Thursday, March 27, 2014
Thirty Girls: A Novel by Susan Minot
The Long-Awaited Novel from bestselling, award-winning author of Evening is a literary tour de force set against the haunting canvas of war-torn Africa.
With gripping suspense and exquisite craft, Susan Minot interweaves the stories of two young women fighting for salvation in the face of ruinous brutality and loss. Esther is a precocious Ugandan teenager who is abducted from her Catholic boarding school by Joseph Kony's rebels and, along with twenty-nine of her classmates, forced to witness and commit unspeakable atrocities in the Lord's Resistance Army. Jane is a sensual, idealistic American writer often waylaid by romantic pleasures who has come to Africa hoping to regain her center after a devastating marriage. Absorbed into a group of glamorous, nomadic expatriates in a landscape of singular beauty and intensity, Jane is reawakened. But she is on a journalistic mission as well, hoping to give voice to the thirty abducted girls she first heard about back in America, and her reporting draws her ever deeper into Africa's dangerous heart - toward Uganda and toward Esther.
In unflinching prose, Minot brings Eshter's and Jane's journeys into startling alignment. Confronting the most acute dislocation and heartbreak, they travel inexorably toward each other, propelled by moments of shattering violence and the need to remake themselves in the shadow of it. Filled with an emotional nuance, formal daring, and stunning evocations of Africa's splendor and its struggles, Thirty Girls is Minot's most ambitious and luminous novel yet.
I read this book slowly and carefully. I wanted each word to sink in, because what I was reading was difficult to digest. Young girls taken in the middle of the night and forced to join a rebel group that would treat them as sex slaves. Not exactly a bedtime story. Of course, this wasn't just a story - it was a true story. Based on actual events that occurred in Uganda: thirty girls were taken from their beds one night and forced to join the LRA (Lord's Resistance Army - Joseph Kony's henchmen). These young girls were subjected to horrors beyond our imaginations and somehow they found a way to escape from it all. This book shares their stories and so much more. I felt emotionally and mentally spent after reading Thirty Girls, but also more aware.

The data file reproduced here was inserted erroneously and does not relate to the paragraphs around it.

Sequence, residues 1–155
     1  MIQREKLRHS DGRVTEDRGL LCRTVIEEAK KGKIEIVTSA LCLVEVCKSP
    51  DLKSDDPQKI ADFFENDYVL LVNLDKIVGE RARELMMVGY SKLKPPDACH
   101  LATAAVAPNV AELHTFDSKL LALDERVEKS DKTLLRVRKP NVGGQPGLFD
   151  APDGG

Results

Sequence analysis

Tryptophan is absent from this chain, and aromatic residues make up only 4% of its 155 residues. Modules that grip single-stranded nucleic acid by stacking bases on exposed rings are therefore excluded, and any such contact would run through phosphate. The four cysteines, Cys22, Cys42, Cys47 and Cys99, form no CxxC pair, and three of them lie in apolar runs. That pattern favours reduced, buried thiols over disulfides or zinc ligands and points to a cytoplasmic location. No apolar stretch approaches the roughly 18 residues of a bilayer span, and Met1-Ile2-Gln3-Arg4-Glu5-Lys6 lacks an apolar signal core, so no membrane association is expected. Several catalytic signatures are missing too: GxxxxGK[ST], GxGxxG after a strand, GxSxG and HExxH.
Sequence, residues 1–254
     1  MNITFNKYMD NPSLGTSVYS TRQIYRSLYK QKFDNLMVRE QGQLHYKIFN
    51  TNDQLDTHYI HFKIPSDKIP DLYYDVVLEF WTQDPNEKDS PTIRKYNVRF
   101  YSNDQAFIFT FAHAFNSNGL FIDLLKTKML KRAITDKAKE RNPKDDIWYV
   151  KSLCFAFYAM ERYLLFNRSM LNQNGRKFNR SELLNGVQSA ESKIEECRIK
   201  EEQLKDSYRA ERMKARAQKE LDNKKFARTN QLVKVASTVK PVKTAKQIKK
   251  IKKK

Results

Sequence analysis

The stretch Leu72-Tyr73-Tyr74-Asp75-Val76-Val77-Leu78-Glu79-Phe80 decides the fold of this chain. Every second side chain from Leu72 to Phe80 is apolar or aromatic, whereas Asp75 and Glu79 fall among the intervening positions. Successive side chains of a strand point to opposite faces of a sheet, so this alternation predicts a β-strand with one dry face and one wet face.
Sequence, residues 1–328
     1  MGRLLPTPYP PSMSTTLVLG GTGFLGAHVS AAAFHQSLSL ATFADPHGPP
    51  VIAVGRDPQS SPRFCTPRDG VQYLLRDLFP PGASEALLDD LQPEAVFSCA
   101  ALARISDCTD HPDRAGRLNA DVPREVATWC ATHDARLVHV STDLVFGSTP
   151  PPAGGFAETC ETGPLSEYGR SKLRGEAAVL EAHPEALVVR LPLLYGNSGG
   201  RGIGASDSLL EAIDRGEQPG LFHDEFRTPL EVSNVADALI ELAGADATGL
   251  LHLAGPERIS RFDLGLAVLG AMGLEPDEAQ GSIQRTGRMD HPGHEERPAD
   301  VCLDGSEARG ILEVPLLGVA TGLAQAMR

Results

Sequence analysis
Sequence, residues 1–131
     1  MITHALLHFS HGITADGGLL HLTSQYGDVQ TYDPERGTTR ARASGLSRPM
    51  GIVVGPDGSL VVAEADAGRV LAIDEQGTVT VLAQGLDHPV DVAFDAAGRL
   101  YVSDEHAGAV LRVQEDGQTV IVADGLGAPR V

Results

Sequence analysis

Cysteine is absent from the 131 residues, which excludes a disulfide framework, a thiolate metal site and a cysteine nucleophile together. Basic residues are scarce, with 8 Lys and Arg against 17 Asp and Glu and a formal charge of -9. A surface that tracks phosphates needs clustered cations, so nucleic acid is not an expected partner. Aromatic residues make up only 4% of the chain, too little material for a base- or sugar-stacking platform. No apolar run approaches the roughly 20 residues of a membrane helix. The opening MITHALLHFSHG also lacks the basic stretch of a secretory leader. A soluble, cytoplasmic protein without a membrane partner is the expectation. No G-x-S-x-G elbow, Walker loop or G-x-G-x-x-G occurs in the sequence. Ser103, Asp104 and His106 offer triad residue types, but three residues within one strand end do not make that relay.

Minot has written a novel that explores violence, loss, and love in such raw and brutal way that you can't help but be captivated by what you are reading. The writing is beautiful, almost poetic really. And the stories are beyond heartbreaking and terrifying. So many questions will run through your head while you read this book and long after you put it down. I couldn't help but wonder how these children were capable of surviving such an ugly reality - Where did their courage and strength come from? How could they muster an ounce of hope when facing such dire circumstances? Of course, I also wondered how human beings can be so evil to one another? This story kept me up at night and filled my dreams with nightmares. I couldn't help but imagine Esther and her friends as they realized that no one was coming for them - they had to fend for themselves. My heart broke into a million pieces reading her story.
However, Thirty Girls is not just about Esther. This book tells the tale of a woman named Jane. An American dispatched to Africa on a writing assignment - she is to meet with some of the thirty girls who have escaped the LRA's clutches and share their story with the world. Middle-aged, widowed, and searching for her self through this trip, Jane is a woman who borders on the mundane. Her story is cliched and rather annoying. She meets a much younger man and winds up dating him. She hangs around with a crowd of rich expats who seem to view Africa as their playground. People fall into parties, houses, trips, and each others' beds with ease and regret. Jane, however, is obsessed with her new toyboy. She is constantly worried about their pseudo-relationship and whether or not its going anywhere. Jane is more focused on a man she hardly knows, than anything else. She comes across as naive and rather pathetic at times. Quite frankly, I didn't think she could handle meeting up with Esther or any of the other girls who had been kidnapped.
Reading this book was quite an experience. I would dip in and out of it, pondering the lives of these amazing women. Esther's story is one that I will never forget - she made quite an impression on me. She is the epitome of brave (on so many levels). As for Jane, she may have seemed inconsequential whilst I was reading this novel, but she still lingers in my mind. Her level of pain and suffering was nowhere near Esther's, but wasn't that the point - to show us the varying degrees of violence and loss. Through these two characters we are privy to the various depths of despair and brutality that exist within the world and that is what makes this book such an excellent read. Thirty Girls is an important read - one that I urge you to pick up.